Learn more about cultured meat at Aarhus University's online seminar
There is an increasing degree of research into meat produced in laboratories. The research also takes place at Aarhus University, which leads the Nordic network ”Cultured meat - Nordic take”, and now invites you to a two-day workshop. Here, researchers will inform the industry about cultured meat and how companies can participate in the work.
In recent years, there is an increase in the consumption of meat, for example in Southeast Asia, where demand is expected to double. This places new demands on the sustainable food production of the future, and cultured meat is one of the areas that researchers are looking at to find alternatives to traditionally produced protein sources.
Cultured meat is also referred to as in vitro meat and lab-grown meat. The meat is cultured in bioreactors, and is based on cells taken from animals.
Aarhus University conducts research in cultured meat, and Jette Feveile Young, Associate Professor at the Department of Food Science, has taken the initiative to the Nordic Network "Cultured Meat-Nordic Take". The network consists of food scientists and companies and aims to initiate the development of cultured meat based on sustainable Nordic ingredients.
Invites companies to participate in the development
The network now invites stakeholders, especially in the food industry, for a two-day workshop. This takes place online on the 12th and 13th of April, and the registration is open.
Companies can play an important role in the development of cultured meat, because they can deliver some of the many components required in the production.
- It is important that the industry participates in the workshop, because we expect that companies will be able to find relevant business potentials when they are introduced to the concept and the development areas, says Jette Feveile Young.
The first step in the production of cultured meat is to isolate muscle stem cells from the animal. The stem cells need a growth medium, a kind of soup, to multiply and a scaffold where the cells can attach themselves. The medium and the scaffold can be supplied by many different companies. Both producers of pea protein, potato protein and green alga can play a role, and the same applies to the meat industry, which can supply both the ingredients for the medium and the scaffold from slaughterhouse waste. In addition, the pharmaceutical industry can contribute in relation to food grade growth factors. Growth factors are proteins, which stimulate the growth of the cells.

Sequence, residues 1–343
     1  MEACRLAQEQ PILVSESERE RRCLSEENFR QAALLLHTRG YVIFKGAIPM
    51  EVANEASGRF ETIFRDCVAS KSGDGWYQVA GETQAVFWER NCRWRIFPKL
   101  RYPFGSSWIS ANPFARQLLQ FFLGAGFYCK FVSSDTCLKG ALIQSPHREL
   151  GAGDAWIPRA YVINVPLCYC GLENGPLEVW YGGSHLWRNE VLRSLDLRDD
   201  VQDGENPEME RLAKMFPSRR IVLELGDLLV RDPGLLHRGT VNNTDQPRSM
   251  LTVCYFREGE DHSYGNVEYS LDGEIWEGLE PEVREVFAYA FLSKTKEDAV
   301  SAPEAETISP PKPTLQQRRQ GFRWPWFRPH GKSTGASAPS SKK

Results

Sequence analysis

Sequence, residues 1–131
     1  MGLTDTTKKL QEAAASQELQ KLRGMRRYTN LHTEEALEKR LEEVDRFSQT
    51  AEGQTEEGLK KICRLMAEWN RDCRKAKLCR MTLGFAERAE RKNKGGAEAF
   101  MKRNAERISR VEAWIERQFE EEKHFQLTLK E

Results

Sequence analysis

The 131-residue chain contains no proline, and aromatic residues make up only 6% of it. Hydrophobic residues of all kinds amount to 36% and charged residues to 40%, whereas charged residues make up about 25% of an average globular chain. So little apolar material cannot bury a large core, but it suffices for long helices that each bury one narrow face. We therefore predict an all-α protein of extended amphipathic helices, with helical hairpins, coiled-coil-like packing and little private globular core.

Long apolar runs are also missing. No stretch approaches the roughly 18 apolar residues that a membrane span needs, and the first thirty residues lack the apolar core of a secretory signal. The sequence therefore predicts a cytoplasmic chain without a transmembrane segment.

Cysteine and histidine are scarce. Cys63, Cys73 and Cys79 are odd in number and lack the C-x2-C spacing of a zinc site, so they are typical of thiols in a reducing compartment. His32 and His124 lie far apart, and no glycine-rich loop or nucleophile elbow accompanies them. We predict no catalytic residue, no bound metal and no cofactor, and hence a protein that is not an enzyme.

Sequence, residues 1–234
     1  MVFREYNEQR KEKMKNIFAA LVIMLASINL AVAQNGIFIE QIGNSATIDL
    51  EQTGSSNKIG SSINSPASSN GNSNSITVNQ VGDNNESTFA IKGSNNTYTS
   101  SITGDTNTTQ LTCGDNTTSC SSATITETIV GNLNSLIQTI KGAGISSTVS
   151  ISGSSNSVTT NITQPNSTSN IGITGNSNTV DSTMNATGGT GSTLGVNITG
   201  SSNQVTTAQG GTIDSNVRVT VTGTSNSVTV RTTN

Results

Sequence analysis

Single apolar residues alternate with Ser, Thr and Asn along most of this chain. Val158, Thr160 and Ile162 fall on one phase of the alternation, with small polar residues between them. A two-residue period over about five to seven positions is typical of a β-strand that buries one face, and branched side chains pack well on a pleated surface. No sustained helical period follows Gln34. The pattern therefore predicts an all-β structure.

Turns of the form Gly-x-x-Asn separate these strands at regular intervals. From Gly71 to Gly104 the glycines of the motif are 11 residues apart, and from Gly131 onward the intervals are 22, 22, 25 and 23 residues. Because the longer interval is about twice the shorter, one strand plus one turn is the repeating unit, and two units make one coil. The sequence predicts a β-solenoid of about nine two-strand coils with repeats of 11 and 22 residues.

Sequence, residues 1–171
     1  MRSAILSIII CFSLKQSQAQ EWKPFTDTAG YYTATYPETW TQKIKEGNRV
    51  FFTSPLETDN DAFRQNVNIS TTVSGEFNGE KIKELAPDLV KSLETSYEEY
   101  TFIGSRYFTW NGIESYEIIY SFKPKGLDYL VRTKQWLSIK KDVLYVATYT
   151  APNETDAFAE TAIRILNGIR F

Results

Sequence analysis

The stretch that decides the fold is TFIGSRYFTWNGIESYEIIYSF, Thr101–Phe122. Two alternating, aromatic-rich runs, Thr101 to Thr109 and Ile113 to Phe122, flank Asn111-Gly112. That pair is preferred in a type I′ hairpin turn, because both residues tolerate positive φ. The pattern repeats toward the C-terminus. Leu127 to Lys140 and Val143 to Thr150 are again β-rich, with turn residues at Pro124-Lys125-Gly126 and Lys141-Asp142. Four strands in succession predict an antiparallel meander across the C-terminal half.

- According to their competencies, the companies can act as support industry - delivering ingredients and side streams from other food productions for the growth medium such as growth factors, protein and fat. This may also include the development of suitable fermentation tanks, says Jette Feveile Young.
Aim to produce Nordic cultured meat
One of the network's goals is that it is not only foreign companies that will run the development opportunities for cultured meat, but also that Danish and Nordic companies want to help develop the concept.
- If companies are involved in the development of concepts they will be better able to present their potential to the producers who will initiate the production of cultured meat on a large scale, says Jette Feveile Young.
Positive potential for the climate
Preliminary analyses show that the energy and resource consumption of cultured meat is expected to be a fraction of that form traditional production, but it depends on the current type of production and must be calculated concurrently. The production method also makes it possible to "design" meat with a better nutritional composition, and implies less health risks in the production.
The two-day online workshop will cover topics such as technology, legislation, life cycle assessment, consumers and political aspects.
- I hope that the workshop can demystify the concept of cultured meat, and that there will be a good dialogue between the participants. I also hope that the debate will give cause for discussions in the industry afterwards, says Jette Feveile Young.
See the entire programme for the workshop on cultured meat here.
For further information
Jette Feveile Young, associate professor, AU FOOD-Department of Food Science, Aarhus University
Tel.: +45 2230 7518